May 30, 2014; Reader Supported News (The Guardian)
In the upcoming Council on Foundations conference, there will be a session to address the intersection of the First Amendment and freedom of speech. It is an important topic, though the description omits the biggest challenge to nonprofits’ free speech rights—in fact, the free speech rights of all Americans: the generally unconstrained and probably unconstitutional surveillance of telephone and Internet communications by the National Security Agency.
Equally important, however, is the treatment of Edward Snowden, who blew the whistle on the NSA’s surveillance practices. Snowden faces trial and potential conviction under the Espionage Act. Many politicians of both political parties have made it clear that they consider Snowden a traitor of the first order, even though his revelations have led to a national dialogue on free speech and privacy issues. Even while denouncing Snowden, President Obama announced some minimal changes in NSA policies, and since then Congress has taken up legislation ostensibly intended to rein in some of the more egregious of the NSA’s metadata collection policies.
In an unusual tactic, Secretary of State John Kerry has repeatedly compared Snowden with Daniel Ellsberg of “Pentagon Papers” fame. In one interview, Kerry called Ellsberg a patriot but Snowden a “coward,” a “traitor,” and someone who had “betrayed his country.” In another recent interview, Kerry called on Snowden to “man up” and “face the music” for his alleged violations of the Espionage Act.
As a former assistant district attorney in Middlesex County, Massachusetts, Kerry must assuredly know that his statements are unlikely to convince Snowden that he has much of a chance of getting a fair trial in the states. But the more interesting part of Kerry’s ploy is in comparing the “unpatriotic” Snowden with the “patriot” Ellsberg.
For a number of reasons, Ellsberg is convinced that “until the Espionage Act gets reformed, [Snowden] can never come home safe and receive justice.” Ellsberg notes that were he to return to the states, Snowden “would come back home to a jail cell—and not just an ordinary cell-block but isolation in solitary confinement, not just for months like Chelsea Manning but for the rest of his sentence, and probably the rest of his life.” Snowden’s chances of getting bail would be just about zero, compared to his own circumstances during his indictment for the release of the Pentagon Papers when he was out on bond for the entire 23-month period.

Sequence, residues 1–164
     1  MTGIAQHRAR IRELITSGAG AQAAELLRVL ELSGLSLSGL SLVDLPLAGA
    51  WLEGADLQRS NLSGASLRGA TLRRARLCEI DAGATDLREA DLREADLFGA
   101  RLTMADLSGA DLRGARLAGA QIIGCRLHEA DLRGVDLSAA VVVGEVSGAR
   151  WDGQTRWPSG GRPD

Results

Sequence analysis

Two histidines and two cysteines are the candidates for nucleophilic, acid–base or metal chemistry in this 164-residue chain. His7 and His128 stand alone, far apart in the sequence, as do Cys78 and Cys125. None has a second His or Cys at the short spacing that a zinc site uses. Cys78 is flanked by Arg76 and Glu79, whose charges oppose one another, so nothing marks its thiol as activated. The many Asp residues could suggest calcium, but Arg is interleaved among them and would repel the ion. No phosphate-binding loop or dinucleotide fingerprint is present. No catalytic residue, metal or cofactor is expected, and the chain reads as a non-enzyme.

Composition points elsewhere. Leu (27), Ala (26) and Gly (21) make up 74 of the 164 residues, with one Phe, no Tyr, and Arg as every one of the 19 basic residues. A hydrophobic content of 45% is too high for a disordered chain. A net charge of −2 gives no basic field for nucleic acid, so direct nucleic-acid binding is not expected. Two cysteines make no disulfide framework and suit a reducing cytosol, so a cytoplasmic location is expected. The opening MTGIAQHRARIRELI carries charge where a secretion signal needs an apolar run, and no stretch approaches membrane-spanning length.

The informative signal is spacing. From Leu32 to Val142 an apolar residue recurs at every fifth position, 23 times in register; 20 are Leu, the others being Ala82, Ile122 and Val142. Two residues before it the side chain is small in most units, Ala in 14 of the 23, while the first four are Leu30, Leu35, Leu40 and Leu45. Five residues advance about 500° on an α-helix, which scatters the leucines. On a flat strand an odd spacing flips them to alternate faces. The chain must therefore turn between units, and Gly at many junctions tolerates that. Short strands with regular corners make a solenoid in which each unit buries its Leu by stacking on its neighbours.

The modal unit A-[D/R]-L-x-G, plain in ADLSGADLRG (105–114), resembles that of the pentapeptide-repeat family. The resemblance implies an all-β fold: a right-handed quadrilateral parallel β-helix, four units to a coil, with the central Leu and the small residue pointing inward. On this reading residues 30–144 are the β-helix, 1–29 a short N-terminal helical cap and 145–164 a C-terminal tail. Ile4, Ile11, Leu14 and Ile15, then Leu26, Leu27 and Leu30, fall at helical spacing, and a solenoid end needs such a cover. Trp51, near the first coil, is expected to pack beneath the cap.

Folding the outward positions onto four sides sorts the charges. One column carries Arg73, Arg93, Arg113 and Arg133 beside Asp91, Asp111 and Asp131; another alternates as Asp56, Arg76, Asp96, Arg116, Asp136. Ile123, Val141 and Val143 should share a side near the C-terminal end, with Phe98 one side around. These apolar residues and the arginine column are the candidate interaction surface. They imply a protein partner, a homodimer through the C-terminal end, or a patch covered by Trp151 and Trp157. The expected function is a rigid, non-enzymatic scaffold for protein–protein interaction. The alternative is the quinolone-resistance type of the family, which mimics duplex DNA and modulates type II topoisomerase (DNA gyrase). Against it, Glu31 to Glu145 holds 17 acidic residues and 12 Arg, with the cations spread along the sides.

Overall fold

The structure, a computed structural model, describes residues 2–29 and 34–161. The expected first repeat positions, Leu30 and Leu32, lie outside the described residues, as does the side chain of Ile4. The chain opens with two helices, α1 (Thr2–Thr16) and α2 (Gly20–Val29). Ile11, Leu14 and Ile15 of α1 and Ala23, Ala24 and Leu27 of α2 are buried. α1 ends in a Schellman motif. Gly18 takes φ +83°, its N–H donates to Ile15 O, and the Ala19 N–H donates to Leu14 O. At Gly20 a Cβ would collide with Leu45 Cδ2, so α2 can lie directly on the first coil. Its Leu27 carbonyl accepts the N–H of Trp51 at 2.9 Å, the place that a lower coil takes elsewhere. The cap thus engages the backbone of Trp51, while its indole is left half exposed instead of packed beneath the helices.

He also points out that “the current state of whistleblowing prosecutions under the Espionage Act makes a truly fair trial wholly unavailable to an American who has exposed classified wrongdoing…Snowden’s own testimony on the stand would be gagged by government objections and the (arguably unconstitutional) nature of his charges.” In the article, Ellsberg provides snippets from his trial that would give Snowden or his attorney little hope of being able to present their case.
Of course, Ellsberg might have simply discussed the Obama administration’s track record of unparalleled prosecution of government whistleblowers no matter where they come from. Snowden has caused the Obama administration untold difficulties, with the NSA and other government leaders making statements that were clearly false about the government’s snooping. It is difficult to imagine that the political impact of Snowden’s revelations would be easily disentangled from a potential Espionage Act prosecution.
“John Kerry’s challenge to Snowden to return and face trial is either disingenuous or simply ignorant that current prosecutions under the Espionage Act allow no distinction whatever between a patriotic whistleblower and a spy,” Ellsberg concludes. “Either way, nothing excuses Kerry’s slanderous and despicable characterizations of a young man who, in my opinion, has done more than anyone in or out of government in this century to demonstrate his patriotism, moral courage and loyalty to the oath of office the three of us swore: to support and defend the Constitution of the United States.”
It is important for nonprofits to discuss the status of potential regulations concerning the political activities of 501(c)(4) social welfare organizations, campaign finance legislative proposals, and the implications of the Supreme Court’s Citizen’s United and McCutcheon decisions. But for a discussion of “fundamental freedom of speech issues from different angles,” the COF program ought to also examine the issues raised by the revelations of Edward Snowden—his potential status as a “traitor,” in Kerry’s words, or as “the greatest patriot whistleblower of our time,” to use Ellsberg’s characterization—and the meaning for nonprofits of the governmental policies and practices that Snowden revealed.—Rick Cohen